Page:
5. As I say everytime these numbers come out, the 3.19% (can’t we just say 3.2%?) is a base. AT LEAST 3.2% of computer users out there are Mac users. That is how you should read these Safari numbers.

    So, what’s the real number of Mac users? 4.0%? 5.0%? 6.0%? Higher anyone?

  6. I work for a company in their tech support department. The product I support is browser-based. *sigh* it only works on IE for Windows.

    I urge everyone who encounteres an IE-only environment to send a little note to the developers, support staff, hell even the sales staff of that company and make an official request for a Standards-Based Browser support.

  7. Cubert,

    if you hang around MDN long enough with all us other losers, you’ll eventually see a claim that the Mac install base is more like 15%.

    Ahem…

    about as reliable as the old saw that 10% of the population is gay. Who says? Err…gay activists. No bias there.

    Anyways, there are some mac users that don’t use Safari, and there are some that are still using pre-OS X.

    And there are windows computers in workhorse applications (like running ATMs) that don ‘t do any web browsing

    So the real number is larger than 3.19% but certainly NOT 15%. Let’s say…4?

  8. ‘Prince’,

    FWIW, you may be a loser, but I doubt you are ‘one of us’.

    If you care to condescend to answer our query, we would love to entertain your thoughts as to where we can find ‘unbiased’ numbers to your claim.

    Are you positing that say, Steve Ballmer — would be the most reliable source of Macintosh stats?

  9. Camino-Shiira are better than Firefox. Firefox phones home on launch, probably trying to bolster the stats. iCab is the Swiss Army Knife of browsers. Opera is quirky. Safari’s buggy. Millions of productive hours have been wasted on workarounds for Exploder’s poor standards support; billions on security. And since any good browser plays masquerade, the stats are meaningless.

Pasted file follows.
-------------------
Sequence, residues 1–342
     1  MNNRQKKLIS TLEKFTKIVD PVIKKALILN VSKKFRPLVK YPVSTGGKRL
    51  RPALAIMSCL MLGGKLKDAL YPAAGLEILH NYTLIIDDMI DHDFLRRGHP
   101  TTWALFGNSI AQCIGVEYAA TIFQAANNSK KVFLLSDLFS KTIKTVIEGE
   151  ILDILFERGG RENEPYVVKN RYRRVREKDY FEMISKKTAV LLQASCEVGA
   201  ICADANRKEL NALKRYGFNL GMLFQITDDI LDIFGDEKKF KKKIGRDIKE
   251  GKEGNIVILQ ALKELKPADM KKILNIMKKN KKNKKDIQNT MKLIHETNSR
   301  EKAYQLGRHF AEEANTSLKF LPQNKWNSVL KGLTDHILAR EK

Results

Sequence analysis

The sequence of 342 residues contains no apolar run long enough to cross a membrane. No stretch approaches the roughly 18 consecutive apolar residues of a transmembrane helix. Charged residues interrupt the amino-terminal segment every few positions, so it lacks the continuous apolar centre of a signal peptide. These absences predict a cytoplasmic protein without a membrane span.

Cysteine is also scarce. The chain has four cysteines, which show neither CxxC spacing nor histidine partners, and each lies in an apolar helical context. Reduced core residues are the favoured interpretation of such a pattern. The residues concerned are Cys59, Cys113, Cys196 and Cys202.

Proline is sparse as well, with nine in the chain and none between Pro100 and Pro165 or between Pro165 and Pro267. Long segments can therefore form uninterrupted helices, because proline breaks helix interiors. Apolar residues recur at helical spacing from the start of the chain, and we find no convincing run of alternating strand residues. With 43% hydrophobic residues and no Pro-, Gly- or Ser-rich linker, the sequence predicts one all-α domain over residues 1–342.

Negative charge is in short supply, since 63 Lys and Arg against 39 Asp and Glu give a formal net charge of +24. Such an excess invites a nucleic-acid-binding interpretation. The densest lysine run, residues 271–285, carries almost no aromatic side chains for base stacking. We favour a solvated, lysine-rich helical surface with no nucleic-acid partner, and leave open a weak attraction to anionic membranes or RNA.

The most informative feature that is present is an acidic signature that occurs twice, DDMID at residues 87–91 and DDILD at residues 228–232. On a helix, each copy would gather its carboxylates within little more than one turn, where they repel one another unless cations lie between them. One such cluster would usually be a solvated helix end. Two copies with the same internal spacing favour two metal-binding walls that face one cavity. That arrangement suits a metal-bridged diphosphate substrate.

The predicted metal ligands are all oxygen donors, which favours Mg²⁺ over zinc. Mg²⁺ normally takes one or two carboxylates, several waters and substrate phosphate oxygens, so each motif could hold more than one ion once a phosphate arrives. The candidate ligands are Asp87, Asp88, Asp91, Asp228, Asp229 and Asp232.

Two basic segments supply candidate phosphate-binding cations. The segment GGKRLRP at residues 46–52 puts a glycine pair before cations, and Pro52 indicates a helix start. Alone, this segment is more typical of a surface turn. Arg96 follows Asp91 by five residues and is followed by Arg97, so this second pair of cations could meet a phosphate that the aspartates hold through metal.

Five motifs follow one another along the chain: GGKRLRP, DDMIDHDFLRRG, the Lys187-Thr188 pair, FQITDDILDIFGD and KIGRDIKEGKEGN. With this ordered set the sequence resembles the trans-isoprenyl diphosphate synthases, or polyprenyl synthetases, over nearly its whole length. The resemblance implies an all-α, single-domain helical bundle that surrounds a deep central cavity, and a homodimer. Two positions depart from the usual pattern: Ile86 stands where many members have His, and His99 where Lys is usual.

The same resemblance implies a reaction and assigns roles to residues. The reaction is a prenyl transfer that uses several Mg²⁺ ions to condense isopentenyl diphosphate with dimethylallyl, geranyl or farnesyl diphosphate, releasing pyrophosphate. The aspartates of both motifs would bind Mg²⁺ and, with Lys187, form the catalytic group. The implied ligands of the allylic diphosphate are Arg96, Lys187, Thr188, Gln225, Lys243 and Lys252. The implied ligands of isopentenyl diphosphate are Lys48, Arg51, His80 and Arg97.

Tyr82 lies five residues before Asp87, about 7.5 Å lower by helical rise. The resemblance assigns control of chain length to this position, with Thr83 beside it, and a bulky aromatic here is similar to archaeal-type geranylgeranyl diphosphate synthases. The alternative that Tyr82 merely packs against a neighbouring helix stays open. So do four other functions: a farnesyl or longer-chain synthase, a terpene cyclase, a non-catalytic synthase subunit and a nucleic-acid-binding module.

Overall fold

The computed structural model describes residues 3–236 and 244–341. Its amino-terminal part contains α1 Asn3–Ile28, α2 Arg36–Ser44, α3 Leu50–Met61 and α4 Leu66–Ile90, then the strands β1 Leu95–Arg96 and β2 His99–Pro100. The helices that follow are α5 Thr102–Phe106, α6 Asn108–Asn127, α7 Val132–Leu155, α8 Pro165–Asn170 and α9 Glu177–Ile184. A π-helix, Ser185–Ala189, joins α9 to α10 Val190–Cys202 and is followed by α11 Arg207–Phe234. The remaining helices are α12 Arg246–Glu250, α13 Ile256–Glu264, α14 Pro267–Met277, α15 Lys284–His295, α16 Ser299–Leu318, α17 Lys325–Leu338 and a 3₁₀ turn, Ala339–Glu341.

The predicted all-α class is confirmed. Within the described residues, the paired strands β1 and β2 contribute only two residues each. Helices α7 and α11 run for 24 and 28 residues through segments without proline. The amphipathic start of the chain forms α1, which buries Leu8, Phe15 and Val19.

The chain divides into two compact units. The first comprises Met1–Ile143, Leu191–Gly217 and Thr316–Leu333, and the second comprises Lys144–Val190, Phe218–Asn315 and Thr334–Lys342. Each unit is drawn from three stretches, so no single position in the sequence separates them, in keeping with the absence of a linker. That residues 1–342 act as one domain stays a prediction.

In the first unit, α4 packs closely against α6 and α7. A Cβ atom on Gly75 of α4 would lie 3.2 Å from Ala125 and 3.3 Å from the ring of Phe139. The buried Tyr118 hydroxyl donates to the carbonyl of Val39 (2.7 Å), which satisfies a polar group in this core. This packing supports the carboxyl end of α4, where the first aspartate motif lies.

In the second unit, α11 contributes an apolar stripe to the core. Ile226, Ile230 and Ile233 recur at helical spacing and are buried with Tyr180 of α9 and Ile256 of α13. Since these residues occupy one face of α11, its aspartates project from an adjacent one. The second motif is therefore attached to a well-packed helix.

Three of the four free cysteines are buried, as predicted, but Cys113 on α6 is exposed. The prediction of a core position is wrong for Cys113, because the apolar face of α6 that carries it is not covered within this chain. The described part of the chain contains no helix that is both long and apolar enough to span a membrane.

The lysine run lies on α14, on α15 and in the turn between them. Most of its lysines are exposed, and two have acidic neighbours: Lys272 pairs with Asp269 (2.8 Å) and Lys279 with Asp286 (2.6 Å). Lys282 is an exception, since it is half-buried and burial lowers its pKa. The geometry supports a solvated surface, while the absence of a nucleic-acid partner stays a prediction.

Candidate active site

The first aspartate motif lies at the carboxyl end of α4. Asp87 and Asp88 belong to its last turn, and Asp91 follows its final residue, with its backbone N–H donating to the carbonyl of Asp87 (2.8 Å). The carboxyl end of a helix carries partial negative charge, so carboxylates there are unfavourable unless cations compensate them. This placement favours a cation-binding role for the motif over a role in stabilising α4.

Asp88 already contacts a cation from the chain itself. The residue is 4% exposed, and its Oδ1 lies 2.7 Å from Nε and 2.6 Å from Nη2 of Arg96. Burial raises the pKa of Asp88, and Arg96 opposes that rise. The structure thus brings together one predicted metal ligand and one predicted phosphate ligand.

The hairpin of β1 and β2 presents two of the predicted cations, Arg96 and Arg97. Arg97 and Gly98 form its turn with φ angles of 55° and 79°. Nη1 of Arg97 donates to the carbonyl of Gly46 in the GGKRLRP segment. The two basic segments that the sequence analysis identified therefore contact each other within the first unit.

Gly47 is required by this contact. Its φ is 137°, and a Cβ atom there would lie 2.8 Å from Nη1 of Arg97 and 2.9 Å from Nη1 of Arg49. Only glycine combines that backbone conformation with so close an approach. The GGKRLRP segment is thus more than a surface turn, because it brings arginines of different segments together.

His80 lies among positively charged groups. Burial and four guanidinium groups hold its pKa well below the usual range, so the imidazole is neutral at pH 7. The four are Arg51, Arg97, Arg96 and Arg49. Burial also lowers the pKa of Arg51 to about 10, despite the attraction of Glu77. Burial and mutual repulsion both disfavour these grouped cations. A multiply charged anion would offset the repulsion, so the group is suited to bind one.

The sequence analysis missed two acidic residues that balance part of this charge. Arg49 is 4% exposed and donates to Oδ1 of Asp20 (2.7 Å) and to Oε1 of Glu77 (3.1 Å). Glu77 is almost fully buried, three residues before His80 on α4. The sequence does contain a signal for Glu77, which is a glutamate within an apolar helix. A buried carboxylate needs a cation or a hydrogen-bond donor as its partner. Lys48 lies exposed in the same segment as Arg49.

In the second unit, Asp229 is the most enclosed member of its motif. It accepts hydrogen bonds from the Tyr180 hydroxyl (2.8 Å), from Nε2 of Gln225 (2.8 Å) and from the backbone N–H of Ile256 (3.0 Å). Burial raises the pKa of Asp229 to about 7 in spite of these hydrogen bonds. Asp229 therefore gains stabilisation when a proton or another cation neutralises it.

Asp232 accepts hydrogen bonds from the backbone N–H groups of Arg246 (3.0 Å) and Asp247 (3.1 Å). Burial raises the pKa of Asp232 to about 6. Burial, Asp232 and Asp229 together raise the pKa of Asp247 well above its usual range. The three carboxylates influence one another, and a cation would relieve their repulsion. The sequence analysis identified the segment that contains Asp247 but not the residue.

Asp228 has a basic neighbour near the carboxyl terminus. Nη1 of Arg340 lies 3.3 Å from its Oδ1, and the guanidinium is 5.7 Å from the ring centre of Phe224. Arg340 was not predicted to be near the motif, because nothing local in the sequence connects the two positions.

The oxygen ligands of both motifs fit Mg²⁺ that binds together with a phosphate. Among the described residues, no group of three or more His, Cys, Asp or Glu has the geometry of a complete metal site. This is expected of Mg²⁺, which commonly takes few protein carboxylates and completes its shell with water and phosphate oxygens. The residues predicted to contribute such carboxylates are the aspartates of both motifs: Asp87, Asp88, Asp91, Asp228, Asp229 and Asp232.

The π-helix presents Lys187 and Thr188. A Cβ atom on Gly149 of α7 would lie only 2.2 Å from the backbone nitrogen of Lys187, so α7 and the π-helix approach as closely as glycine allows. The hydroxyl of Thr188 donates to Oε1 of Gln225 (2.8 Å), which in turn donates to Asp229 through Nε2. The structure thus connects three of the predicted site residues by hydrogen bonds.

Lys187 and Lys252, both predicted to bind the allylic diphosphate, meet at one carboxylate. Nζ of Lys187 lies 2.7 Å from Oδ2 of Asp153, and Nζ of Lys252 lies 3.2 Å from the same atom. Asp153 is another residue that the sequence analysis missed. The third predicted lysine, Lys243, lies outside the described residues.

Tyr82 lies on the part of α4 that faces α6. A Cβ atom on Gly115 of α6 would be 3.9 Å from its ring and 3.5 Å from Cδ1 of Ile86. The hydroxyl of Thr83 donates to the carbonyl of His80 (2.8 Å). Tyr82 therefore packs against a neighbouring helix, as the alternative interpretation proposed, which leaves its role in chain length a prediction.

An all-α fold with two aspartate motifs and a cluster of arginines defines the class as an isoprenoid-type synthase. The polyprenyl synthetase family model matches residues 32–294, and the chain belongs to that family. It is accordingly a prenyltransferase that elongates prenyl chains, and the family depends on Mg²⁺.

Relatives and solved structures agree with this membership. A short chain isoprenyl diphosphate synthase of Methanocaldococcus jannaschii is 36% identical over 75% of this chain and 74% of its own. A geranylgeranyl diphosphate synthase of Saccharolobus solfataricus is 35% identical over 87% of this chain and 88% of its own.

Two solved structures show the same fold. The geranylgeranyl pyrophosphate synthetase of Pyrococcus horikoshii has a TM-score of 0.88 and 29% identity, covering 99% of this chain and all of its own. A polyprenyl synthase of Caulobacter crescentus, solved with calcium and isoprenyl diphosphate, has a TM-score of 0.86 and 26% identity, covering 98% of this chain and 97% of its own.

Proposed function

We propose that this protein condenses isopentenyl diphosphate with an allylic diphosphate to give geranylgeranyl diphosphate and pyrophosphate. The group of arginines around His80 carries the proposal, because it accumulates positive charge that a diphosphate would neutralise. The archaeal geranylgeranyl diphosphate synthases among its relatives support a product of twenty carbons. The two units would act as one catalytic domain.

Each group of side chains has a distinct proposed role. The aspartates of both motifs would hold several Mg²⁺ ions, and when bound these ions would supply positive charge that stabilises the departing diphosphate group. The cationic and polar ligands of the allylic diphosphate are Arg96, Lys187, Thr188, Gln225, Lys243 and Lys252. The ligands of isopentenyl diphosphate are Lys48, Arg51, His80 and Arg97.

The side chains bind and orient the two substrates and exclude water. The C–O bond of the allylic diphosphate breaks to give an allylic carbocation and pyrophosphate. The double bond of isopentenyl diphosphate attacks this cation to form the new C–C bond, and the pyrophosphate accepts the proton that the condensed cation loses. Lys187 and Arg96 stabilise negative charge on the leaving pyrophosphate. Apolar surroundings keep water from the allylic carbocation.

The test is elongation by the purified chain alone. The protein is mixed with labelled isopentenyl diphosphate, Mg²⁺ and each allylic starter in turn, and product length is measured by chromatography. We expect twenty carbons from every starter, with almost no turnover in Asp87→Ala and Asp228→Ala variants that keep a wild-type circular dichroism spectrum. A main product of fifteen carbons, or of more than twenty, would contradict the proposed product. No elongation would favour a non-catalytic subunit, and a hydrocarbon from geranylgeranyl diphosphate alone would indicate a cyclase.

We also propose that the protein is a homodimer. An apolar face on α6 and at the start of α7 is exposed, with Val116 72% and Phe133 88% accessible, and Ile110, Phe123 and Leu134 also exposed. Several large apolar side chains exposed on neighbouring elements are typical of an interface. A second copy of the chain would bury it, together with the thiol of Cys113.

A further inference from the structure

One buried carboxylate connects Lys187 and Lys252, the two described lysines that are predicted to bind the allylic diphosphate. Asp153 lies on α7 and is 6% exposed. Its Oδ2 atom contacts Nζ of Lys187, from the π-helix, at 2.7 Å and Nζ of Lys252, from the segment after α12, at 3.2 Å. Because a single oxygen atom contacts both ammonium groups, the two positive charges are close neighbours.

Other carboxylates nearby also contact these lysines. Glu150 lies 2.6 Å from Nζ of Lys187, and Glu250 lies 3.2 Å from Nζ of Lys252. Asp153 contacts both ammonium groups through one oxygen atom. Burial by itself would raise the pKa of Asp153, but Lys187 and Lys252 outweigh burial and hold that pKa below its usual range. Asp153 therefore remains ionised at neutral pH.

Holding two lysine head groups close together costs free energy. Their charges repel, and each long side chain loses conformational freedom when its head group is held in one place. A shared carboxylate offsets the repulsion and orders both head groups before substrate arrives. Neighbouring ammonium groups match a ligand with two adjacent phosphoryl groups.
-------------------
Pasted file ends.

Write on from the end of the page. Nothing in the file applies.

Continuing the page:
10. When people ask me, as they often do, what they should do about the malware problems with their machines, the first thing I tell them is to ditch IE. Switching from IE to Firefox is nearly transparent on Windows, even for novices, but many are still afraid to use anything else.
    If they glance nervously at my Powerbook like it’s a witch doctor’s magic stick and scurry away, I know I’m looking at a future de-fragmenter. If not, I know they’ve got a fighting chance…

  11. I still use Lynx. It’s the most reliable browser…. ” width=”19″ height=”19″ alt=”wink” style=”border:0;” />

    Uh, does anyone here remember Lynx? Most of you probably had never even heard of the web when Lynx was in use. Just playin’ with ya’! Check it out at http://en.wikipedia.org/wiki/Lynx_browser if you want some history lessons.

    You can also read about NCSA Mosaic, the browser that really pretty much started it all at http://en.wikipedia.org/wiki/Mosaic_(web_browser) . I remember using that back in ’93 on my Mac. Ahh, those were the good ol’ days!

  12. Prince:

    Yes, indeed. Today in my college library, I encountered a guy with one of the old clamshell iBooks. I was fascinated to encounter a computer still running a pre-X version of the operating system. It was so quaint.